Afterward, Weinreb said, Dzhokhar Tsarnaev calmly walked to a store and purchased some milk. He then returned to the store and exchanged it for a different container. “All while Martin bled to death,” he said.

During a manhunt several nights later, he described the brothers shooting Massachusetts Institute of Technology police Officer Sean Collier, who was hit with two shots to the head. Weinreb also described a carjacking, the shootout with police in the Boston suburb of Watertown, and how Tamerlan Tsarnaev was killed as police moved to capture him.

The surviving brother was arrested the next day hiding in a boat stored in a backyard.

With the older Tsarnaev dead, Weinreb said, “the focus is going to be on this defendant. This is his day in court.”

During a much briefer opening statement, Clarke said that Dzhokhar came from a broken home and looked to his older brother as a role model.

Clarke said Tamerlan was the one who went to Russia’s Chechen region, who disrupted a Boston mosque with complaints that members were not radical enough, and who purchased the ammunition, fireworks, BBs, pressure cookers, backpacks and rubber gloves for the attack. Tamerlan, she said, “was immersed in death and destruction.”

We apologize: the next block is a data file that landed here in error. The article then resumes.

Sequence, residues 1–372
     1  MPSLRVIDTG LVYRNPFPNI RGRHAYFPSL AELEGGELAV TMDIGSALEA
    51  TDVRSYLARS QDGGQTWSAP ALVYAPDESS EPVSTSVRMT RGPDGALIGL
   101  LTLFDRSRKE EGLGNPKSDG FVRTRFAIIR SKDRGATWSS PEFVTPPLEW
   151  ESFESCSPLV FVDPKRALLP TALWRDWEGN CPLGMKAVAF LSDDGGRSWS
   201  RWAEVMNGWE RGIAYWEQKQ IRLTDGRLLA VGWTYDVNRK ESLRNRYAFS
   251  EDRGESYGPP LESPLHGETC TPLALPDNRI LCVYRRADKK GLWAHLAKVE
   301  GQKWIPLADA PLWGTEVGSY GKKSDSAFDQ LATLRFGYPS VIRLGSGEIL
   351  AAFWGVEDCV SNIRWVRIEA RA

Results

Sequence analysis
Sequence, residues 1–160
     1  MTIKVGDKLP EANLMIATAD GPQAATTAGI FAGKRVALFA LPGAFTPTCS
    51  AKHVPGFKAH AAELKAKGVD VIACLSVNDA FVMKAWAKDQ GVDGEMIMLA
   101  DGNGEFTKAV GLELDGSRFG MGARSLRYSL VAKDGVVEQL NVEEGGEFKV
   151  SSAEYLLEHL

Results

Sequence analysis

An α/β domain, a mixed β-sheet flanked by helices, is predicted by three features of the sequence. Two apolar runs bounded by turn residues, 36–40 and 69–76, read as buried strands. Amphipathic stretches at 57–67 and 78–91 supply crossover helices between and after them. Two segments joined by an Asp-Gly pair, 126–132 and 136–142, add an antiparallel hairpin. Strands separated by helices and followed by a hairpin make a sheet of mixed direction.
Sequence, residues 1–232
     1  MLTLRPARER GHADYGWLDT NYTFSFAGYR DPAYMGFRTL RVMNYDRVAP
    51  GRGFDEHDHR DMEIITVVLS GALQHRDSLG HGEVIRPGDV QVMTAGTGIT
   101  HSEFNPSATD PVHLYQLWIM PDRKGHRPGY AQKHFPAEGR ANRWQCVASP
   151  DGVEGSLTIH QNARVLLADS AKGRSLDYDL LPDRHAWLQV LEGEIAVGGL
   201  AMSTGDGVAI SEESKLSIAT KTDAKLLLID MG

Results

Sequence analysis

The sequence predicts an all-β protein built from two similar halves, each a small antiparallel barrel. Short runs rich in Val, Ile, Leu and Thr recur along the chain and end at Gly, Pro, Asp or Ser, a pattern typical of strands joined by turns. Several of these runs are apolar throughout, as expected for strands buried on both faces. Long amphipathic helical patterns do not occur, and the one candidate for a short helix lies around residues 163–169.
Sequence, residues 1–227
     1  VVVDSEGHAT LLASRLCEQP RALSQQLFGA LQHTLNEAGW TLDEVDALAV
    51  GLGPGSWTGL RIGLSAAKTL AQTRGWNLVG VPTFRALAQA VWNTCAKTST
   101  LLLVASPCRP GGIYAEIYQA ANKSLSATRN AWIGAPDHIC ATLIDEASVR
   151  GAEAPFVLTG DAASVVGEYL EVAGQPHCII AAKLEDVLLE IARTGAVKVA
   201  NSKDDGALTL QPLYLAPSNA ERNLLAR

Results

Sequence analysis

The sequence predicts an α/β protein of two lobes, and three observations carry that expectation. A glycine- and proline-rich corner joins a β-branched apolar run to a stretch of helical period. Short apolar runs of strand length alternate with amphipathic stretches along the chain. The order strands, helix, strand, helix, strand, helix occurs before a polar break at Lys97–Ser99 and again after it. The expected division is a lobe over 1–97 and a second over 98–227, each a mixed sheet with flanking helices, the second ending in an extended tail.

Moments after Collier was killed, she said, Tamerlan was heard bragging, “I just killed a police officer.” When the brothers were surrounded on a Watertown street, he jumped from his car, firing at police and tossing homemade bombs at them, she said.

“It was Tamerlan Tsarnaev who self-radicalized, and it was Dzhokhar who followed him,” Clarke said.

After the opening statements, the jury heard about the history of the marathon and was shown an overhead video of the bombings, with smoke billowing, people running and falling, and police rushing to help.

Shane O’Hara, manager of Marathon Sports, a store near the finish line, was fitting a customer with shoes when the blasts hit. In a store video he is seen applying a tourniquet to a woman bleeding from the knees.

“It was kind of controlled chaos,” O’Hara testified. “After that one moment everyone is on the ground. The only ones still standing are those who were not hurt.”

Prosecutors brought in a series of victims to testify, hoping to use their recollections to build a case against Tsarnaev.

Karen McWatters of Somerville, Mass., recalled being next to Krystle Campbell, who died of her injuries.

“We put our faces together,” said McWatters, who lost her leg. “We tried to talk. I didn’t truthfully realize how bad her injuries were. Very slowly she said her legs hurt. She put her hand in mine. Shortly after that her hand went limp.”

richard.serrano@latimes.com

Twitter: @RickSerranoLAT

 

Copyright © 2016, Los Angeles Times

UPDATES

4:29 p.m.: The story was updated throughout with new details.

8:47 a.m.: The story was updated to include opening arguments.

6:40 a.m.: The story was updated to reflect the start of the trial.

The story was originally published at 6:32 a.m.